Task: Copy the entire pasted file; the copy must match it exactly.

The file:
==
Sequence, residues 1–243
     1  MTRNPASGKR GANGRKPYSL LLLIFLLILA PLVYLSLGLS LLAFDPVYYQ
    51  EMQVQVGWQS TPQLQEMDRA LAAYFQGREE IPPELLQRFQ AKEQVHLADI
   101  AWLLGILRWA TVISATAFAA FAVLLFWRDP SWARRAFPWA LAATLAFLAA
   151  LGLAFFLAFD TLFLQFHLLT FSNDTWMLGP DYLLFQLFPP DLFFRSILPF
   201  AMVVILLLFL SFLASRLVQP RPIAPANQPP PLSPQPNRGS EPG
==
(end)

Sequence, residues 1–243
     1  MTRNPASGKR GANGRKPYSL LLLIFLLILA PLVYLSLGLS LLAFDPVYYQ
    51  EMQVQVGWQS TPQLQEMDRA LAAYFQGREE IPPELLQRFQ AKEQVHLADI
   101  AWLLGILRWA TVISATAFAA FAVLLFWRDP SWARRAFPWA LAATLAFLAA
   151  LGLAFFLAFD TLFLQFHLLT FSNDTWMLGP DYLLFQLFPP DLFFRSILPF
   201  AMVVILLLFL SFLASRLVQP RPIAPANQPP PLSPQPNRGS EPG